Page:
NASA’s DART planetary defense mission, en route to impacting an asteroid on September 26, has captured an image that encompasses the planet Jupiter and its four largest moons.
In its path, the spacecraft’s imager, the Didymos Reconnaissance and Asteroid Camera for Optical navigation (DRACO) instrument, has taken thousands of star images. The images provide the Johns Hopkins Applied Physics Laboratory (APL) team leading NASA’s mission with the data needed to support the spacecraft’s ongoing tests and trials in preparation for launch. kinetic impact of the spacecraft on Dimorphos, the moon of Didymos.
DRACO will capture images of Didymos and Dimorphos; will also support the autonomous guidance system of the spaceship, autonomous navigation in real time small body maneuvering (SMART Nav), to guide DART to impact.
On July 1 and August 2, the mission operations team pointed the DRACO imager at Jupiter to test the SMART Nav system. The team used it to detect and target the moon Europa from Jupiter as it emerged behind Jupiter, similar to how Dimorphos will separate visually from the larger asteroid Didymos in the hours before impact.
Although the test obviously did not involve the DART collision with Jupiter or its moons, gave the SMART Jupiter and its major moons team, imaged by the APL-led DART Nav spacecraft, the opportunity to assess how well the SMART Nav system performs in flight. Prior to this Jupiter test, SMART Nav tests were performed using ground simulations.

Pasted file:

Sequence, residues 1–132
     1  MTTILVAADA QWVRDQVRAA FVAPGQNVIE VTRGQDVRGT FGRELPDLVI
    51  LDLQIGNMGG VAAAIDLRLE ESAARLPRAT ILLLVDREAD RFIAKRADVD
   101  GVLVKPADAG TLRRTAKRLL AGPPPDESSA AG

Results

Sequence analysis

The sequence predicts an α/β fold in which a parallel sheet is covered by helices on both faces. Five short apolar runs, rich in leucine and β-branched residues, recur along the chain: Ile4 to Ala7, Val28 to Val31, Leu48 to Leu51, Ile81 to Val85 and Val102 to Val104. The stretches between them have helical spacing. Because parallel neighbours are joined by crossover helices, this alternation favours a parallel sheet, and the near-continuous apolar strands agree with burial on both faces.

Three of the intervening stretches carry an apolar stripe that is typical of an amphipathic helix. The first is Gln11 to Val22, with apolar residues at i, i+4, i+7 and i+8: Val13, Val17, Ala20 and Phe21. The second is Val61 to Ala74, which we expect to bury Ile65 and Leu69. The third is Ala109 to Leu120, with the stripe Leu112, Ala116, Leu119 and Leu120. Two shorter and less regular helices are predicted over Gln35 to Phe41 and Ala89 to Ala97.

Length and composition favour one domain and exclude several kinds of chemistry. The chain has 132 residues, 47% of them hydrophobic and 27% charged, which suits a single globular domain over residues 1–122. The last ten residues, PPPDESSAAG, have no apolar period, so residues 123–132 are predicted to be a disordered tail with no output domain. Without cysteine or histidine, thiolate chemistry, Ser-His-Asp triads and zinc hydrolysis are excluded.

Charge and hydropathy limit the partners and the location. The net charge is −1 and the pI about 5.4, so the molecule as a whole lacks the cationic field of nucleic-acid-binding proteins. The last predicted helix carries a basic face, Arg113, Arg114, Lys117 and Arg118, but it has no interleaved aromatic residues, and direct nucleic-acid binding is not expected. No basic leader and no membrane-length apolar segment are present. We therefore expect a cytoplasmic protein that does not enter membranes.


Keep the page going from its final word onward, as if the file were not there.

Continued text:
The SMART Nav team gained valuable experience from the test, including how the SMART Nav team views spaceship data. “Every time we do one of these tests, we tweak the screens, make them a little better and a little more responsive to what we’ll actually be looking at during the actual terminal event,” Peter Ericksen, software engineer at SMART, said in a statement. nav in APL.
The DART spacecraft is designed to operate fully autonomously during terminal approach, but the SMART Nav team will monitor how objects are tracked in the scene, including their intensities, the number of pixels, and the consistency with which they are identified. Corrective action using pre-planned contingencies will only be taken if there are significant and mission-threatening deviations from expectations.
With Jupiter and its moons, the team had the opportunity to better understand how intensities can vary and the number of pixels of the objects as the targets move through the detector.
“The Jupiter probes gave us a chance for DRACO to get an image of something in our own solar system,” said Carolyn Ernst, DRACO instrument scientist at APL. “Pictures look fantastic and we’re excited for what DRACO will reveal about Didymos and Dimorphos in the hours and minutes leading up to impact!”
DRACO is a high-resolution camera inspired by the imager on NASA’s New Horizons spacecraft that returned the first close-up images of the Pluto system and the Kuiper Belt object Arrokoth.
DART is the world’s first planetary defense test mission, intentionally executing a kinetic impact on Dimorphos to slightly change its motion in space. While no known asteroids pose a threat to Earth, the DART mission will show that a spaceship can navigate autonomously to a kinetic impact on a relatively small target asteroid, and that this is a viable technique for deflecting a truly dangerous asteroid, if one is ever discovered.